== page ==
Written by: Stuart A. Linder, M.D., G.M. Buncke, M.D., Timothy Cooper, M.D., J.A. Mele, M.D., G. M. Kind, M.D., H. J. Buncke, M.D.
A simplified technique for removal of a large pannus is described. The case presented involves a 63-year old morbidly obese man (more than 500 pounds) with multiple medical problems. Complications encountered when operating on the morbidly obese because of the sheer size of the patient and the body part to be operated on are briefly discussed.
Two operating tables were necessary to accommodate the patient’s large bulk. Preparation of the skin as well as the operative procedure were greatly facilitated by using a hydraulic lift to elevate the pannus. No injuries were sustained by the surgeons of the operating room staff. Total operative time was 2.5 hours, and there were no intraoperative or postoperative complications. This technique may be used to perform other procedures in the morbidly obese that require elevation of a body part.
A 63-year old morbidly obese male (estimated weight: 515 pounds) was admitted for surgical correction of an enormous pannus. Indications for panniculectomy included mechanical compression of the lower extremity lower venous system, lower abdominal hygiene, and decreased mobility. The patient initially was admitted to the cardiology service with multiple medical problems associated with his morbid obesity including congestive heart failure, artial fibrillation, and marked chronic venous stasis of the lower extremities. On examination, the abdominal pannus and lower legs appeared markedly lymphadematous.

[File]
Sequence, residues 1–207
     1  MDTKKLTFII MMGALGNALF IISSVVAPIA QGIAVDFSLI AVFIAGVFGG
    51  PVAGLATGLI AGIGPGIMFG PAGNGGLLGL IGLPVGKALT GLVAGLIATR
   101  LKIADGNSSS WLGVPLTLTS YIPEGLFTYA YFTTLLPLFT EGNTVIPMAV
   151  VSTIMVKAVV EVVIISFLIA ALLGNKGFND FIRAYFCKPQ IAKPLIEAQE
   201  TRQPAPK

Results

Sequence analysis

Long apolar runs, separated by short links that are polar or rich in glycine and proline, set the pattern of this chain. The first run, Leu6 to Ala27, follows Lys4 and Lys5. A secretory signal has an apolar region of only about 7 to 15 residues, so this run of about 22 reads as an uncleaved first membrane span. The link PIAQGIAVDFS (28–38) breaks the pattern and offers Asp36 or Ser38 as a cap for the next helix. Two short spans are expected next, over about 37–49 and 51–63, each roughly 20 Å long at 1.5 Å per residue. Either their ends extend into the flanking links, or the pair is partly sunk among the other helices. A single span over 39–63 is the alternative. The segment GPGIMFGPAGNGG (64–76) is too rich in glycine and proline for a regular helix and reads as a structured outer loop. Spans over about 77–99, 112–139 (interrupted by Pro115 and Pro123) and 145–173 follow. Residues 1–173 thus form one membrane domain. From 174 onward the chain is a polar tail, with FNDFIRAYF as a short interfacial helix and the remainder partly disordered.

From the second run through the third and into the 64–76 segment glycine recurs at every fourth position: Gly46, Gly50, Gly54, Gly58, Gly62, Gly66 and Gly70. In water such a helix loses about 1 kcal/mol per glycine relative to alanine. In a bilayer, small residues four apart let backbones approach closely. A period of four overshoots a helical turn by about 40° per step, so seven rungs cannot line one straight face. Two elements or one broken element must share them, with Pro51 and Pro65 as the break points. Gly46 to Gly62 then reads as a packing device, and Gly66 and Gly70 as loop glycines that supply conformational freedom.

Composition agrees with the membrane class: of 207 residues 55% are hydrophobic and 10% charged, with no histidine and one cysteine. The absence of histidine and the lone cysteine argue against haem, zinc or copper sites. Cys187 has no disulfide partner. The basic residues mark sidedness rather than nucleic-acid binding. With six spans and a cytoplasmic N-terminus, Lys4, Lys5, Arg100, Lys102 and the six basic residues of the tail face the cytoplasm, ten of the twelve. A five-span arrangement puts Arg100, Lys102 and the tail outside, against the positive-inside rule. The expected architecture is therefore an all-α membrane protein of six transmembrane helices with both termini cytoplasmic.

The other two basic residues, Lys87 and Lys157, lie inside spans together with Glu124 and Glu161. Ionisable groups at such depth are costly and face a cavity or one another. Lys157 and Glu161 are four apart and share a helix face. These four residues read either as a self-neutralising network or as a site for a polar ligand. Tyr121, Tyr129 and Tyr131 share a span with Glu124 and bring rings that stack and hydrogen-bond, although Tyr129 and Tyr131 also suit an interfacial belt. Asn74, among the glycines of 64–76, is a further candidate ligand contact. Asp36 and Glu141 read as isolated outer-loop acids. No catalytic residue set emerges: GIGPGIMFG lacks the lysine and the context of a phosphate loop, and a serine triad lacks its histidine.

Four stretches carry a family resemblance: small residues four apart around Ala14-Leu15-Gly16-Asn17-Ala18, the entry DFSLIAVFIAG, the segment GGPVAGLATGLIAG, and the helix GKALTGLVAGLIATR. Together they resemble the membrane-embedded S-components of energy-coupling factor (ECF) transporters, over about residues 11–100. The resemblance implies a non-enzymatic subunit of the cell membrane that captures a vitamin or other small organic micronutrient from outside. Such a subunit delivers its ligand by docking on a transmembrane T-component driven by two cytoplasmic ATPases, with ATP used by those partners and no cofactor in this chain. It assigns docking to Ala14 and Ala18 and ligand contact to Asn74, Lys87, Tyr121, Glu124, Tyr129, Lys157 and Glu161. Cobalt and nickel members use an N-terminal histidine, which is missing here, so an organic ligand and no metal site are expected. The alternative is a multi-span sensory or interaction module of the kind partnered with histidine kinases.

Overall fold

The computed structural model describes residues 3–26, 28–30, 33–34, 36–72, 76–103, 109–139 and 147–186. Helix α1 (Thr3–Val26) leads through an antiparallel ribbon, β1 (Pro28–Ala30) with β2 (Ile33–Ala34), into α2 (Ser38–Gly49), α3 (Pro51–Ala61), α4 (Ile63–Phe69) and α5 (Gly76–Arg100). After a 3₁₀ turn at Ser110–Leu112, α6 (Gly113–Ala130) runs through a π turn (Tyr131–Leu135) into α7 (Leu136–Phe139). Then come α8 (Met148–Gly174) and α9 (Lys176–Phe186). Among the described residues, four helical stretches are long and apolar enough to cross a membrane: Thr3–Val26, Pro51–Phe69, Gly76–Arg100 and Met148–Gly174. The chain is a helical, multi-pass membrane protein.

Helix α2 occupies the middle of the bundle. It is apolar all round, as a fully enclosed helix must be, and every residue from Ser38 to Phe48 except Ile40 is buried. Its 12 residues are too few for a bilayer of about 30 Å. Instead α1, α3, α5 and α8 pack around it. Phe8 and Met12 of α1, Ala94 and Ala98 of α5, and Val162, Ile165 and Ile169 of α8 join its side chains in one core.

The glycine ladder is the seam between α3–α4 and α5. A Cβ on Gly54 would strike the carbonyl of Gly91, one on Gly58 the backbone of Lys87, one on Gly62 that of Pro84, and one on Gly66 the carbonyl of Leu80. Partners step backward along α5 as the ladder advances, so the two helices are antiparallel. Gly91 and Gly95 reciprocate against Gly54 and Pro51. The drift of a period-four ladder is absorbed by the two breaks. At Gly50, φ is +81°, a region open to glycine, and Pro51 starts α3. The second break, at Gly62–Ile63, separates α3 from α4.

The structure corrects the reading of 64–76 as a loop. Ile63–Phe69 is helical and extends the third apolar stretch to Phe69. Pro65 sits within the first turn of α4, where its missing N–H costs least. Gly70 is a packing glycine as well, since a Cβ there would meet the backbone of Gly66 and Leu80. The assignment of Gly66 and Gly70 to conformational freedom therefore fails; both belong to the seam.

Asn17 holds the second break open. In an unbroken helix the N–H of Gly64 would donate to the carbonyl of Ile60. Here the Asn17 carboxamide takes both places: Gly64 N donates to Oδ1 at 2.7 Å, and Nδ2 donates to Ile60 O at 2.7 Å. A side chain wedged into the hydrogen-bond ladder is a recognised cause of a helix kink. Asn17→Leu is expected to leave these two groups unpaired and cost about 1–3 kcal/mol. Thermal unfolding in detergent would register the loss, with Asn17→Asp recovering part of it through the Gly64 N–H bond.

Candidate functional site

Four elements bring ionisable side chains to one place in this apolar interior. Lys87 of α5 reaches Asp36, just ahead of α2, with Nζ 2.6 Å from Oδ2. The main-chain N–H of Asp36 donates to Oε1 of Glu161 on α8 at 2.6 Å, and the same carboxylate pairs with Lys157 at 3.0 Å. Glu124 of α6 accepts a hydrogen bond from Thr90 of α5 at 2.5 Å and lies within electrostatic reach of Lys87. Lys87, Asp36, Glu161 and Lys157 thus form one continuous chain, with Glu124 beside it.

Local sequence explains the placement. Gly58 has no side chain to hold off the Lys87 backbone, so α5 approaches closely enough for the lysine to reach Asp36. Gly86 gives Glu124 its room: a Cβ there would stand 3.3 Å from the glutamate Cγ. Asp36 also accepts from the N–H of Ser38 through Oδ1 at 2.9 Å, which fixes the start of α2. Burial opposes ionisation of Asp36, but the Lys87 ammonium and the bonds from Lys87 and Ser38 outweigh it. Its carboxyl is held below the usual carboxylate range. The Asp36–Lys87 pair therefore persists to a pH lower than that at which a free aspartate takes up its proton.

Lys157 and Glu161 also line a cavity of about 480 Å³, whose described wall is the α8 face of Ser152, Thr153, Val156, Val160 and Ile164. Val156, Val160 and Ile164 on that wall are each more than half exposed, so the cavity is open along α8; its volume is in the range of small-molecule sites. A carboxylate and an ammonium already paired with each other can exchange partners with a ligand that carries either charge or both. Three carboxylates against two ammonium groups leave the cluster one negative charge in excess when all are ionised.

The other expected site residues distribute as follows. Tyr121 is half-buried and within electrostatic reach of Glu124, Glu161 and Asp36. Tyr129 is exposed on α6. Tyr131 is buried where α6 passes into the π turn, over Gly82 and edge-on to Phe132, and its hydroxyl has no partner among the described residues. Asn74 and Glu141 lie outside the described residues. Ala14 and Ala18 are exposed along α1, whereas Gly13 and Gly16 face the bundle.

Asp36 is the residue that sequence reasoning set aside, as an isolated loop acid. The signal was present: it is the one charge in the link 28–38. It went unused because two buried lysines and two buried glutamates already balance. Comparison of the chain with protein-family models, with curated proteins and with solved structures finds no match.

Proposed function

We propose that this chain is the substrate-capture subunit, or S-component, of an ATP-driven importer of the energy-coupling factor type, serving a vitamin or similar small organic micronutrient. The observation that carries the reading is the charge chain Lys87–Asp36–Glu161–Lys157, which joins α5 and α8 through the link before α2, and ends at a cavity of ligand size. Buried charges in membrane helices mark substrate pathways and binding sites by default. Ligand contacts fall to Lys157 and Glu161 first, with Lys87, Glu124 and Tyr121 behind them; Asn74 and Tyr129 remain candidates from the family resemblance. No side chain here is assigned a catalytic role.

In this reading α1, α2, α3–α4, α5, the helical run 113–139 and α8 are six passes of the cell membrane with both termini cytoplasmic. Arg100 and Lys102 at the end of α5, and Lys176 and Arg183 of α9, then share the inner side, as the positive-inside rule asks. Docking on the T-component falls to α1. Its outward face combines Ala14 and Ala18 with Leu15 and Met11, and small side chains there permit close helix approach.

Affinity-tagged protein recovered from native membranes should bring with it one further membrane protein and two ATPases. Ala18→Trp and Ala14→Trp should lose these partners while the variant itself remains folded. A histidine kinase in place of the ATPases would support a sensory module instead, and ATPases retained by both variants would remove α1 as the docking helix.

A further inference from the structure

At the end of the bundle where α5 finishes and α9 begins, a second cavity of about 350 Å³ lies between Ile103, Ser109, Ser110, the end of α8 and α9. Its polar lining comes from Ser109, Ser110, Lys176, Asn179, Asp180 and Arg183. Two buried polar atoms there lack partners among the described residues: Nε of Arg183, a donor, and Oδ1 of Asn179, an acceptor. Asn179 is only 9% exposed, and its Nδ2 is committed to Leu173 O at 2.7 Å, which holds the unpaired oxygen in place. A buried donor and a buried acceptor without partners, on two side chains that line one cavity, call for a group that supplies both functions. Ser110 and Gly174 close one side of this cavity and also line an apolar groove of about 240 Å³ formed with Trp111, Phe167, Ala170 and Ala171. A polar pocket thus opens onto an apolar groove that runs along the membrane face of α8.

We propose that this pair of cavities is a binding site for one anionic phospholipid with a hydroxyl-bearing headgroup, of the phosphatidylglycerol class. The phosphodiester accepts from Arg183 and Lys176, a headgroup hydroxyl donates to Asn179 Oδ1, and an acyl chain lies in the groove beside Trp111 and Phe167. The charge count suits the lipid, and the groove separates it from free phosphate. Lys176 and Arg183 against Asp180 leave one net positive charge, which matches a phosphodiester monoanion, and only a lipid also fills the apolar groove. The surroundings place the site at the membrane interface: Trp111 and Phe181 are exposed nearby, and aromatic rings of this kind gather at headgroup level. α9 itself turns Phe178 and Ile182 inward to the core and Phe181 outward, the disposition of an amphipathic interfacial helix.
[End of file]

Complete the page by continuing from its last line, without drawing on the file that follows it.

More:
Preoperative medical workup included pulmonary function tests, echocardiogram, and upper and lower gastrointestinal endoscopy for investigation of microcytic anemia. With aggressive preoperative diuresis, a weight loss of 45 pounds was achieved.
Intraoperative monitoring was performed using an arterial line and a Swan-Ganz catheter. Two operating tables were necessary to accommodate the patient’s bulk (Figure 1). Preparation of the skin and the operative procedure were greatly facilitated by using a hydraulic lift to elevate the pannus. With assistance from the biomedical engineering department, two intramedullary rods (1/4-inch stainless steel) were bent into lifting hooks. The “Ruger hoist” included an extension book with variable standing positions (450, 750, and 1000 pounds) determined by its length (Figure 2). In order to gain maximum extension of the boom for positioning at the side of the surgical table, a total weight of 450 pounds could be elevated safely. The hooks were connected by rope to a gamble that was mounted on the hydraulic lift. (Figure 3)
The total operative time was 2.5 hours, and there were no intraoperative complications. Equally important, no injuries occurred to either the operating room staff or the surgeons in association with the physical difficulty of maneuvering a morbidly obese patient intraoperatively. The entire operative specimen weighed 100 pounds. The estimated blood loss was approximately 450cc. The patient received one unit of packed red blood cells and two liters of crystalloid intraoperatively. No further transfusions were required.
There were no postoperative complications. The patient was extubated with removal of a central line on the second postoperative day. Embolic prophylaxis with subcutaneous heparin was administered for five days until ambulation. Unna boots were placed on the lower extremities every three days to aid in the reduction of edema and as a treatment for chronic venous ulcerations. After one week, the patient was transferred to a skilled nursing facility from which he was discharged on postoperative day 13.